Till you grow old, I will still be the same; When you turn gray, it is I who will carry; I was the Maker, and I will be the Bearer; And I will carry and rescue [you]. Isaiah 46:4 (The Israel Bible)
Many of Israel’s Holocaust survivors who endured the horrors of the Shoah are now living through another heartbreaking calamity: poverty.
According to the Foundation for the Benefit of Holocaust Victims in Israel, there are 215,000 Holocaust survivors living in Israel, of which more than 20 percent are living below the poverty line, as compared to 13.1 percent of Israel’s Jewish elderly population.
Expensive medical issues, lack of access to rights and compensation and the rising cost of living likely explain this discrepancy – especially for those who are too old to work.
Yair Assaf-Shapira, researcher at the Jerusalem Institute for Policy Research, told Breaking Israel News that according to recent data from Israel’s Central Bureau of Statistics survey, some 14% of the elderly population makes food concessions, 13% give up medications, and 12% give up medical treatments due to economic difficulty.
The Bible teaches taking care of those less fortunate and respecting the elderly.
We read in Isaiah 58:10, “If you pour yourself out for the hungry and satisfy the desire of the afflicted, then shall your light rise in the darkness and your gloom be as the noonday.”
Similarly, we learn from Proverbs 28:27, “Whoever gives to the poor will not want, but he who hides his eyes will get many a curse.”
And about respecting our elderly: “Stand up in the presence of the elderly, and show respect for the aged. Fear your God. I am the LORD” (Leviticus 19:32).
Honoring Holocaust survivors can be done by providing them with a hot meal during the holidays. With fewer family members than their peers, equating to less support, meals and social interaction are especially important for them compared to the general elderly population.
Meir Panim, an organization fighting poverty in Israel through programs for Israel’s elderly, poor and people with disabilities, not only offers food for the elderly – so they do not have to give up meals in the face of economic challenges – but their volunteers also visit their homes, offering social interaction and connecting them with other organizations who can help.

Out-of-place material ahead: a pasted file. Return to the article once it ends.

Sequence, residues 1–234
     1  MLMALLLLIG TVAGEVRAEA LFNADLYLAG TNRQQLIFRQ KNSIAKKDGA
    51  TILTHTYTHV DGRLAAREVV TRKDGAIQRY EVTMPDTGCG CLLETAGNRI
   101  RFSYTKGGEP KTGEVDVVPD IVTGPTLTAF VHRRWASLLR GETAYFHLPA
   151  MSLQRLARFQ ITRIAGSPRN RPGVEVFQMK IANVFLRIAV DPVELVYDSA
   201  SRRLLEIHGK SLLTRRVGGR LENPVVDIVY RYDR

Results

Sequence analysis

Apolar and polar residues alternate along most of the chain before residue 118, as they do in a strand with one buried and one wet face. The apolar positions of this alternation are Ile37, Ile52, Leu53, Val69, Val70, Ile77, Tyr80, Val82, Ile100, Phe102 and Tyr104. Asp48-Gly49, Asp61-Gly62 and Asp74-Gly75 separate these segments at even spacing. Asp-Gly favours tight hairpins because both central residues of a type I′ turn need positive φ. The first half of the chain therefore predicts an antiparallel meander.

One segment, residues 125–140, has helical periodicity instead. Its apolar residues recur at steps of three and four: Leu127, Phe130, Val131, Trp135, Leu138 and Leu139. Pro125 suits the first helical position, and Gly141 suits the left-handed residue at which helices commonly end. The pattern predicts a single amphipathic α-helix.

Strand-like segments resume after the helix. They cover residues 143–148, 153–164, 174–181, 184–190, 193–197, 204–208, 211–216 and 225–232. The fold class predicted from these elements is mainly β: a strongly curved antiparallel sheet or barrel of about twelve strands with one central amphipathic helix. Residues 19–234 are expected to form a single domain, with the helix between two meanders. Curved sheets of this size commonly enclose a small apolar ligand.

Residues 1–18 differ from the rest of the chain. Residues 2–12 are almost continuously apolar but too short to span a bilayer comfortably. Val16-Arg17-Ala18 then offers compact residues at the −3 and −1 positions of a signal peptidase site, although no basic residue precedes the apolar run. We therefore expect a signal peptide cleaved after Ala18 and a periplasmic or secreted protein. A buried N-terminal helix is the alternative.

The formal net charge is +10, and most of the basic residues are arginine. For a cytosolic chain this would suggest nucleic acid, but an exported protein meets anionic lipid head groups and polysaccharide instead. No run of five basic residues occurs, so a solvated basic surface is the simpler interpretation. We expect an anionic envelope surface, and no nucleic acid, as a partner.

During the holidays, Meir Panim ensures that each Holocaust survivor they serve has food for the holidays, delivered to their homes, as their restaurant-style soup kitchens are closed. Doing so can drastically improve the quality of life of these individuals.
Other biblical values such as repairing the world and becoming a light unto the nations are fulfilled through charity and righteousness and are especially important ahead of the high holidays.
According to the daily Aleinu prayer, also a central prayer of Rosh Hashanah, the goal of the Jewish people is to “repair the brokenness in our world by the work of our hands and our hearts,” also called tikkun olam. Acts of tikkun olam can include keeping the commandments, studying Torah, and acting with kindness. Through tikkun olam, the Jewish people become a light unto the nations:
“I Hashem, in My grace, have summoned you, And I have grasped you by the hand. I created you, and appointed you A covenant people, a light of nations” (Isaiah 42:6)
Part of building a model society is taking care of those who are unable to take care of themselves, such as the elderly and impoverished.
One of the primary ways of performing tikkun olam is through giving tzedakah (translated as righteousness and commonly understood as charity). Righteousness is one of the main attributes of God and as man was made in God’s image, righteousness is considered paramount:
“He who strives to do good and kind deeds Attains life, success, and honor.” (Proverbs 21:21)
Tikkun olam and charitable giving are especially important during the high holidays, as righteousness is said to free one of his or her sins before the Day of Judgment, Yom Kippur.
This holiday season, provide a Holocaust survivor with a meal.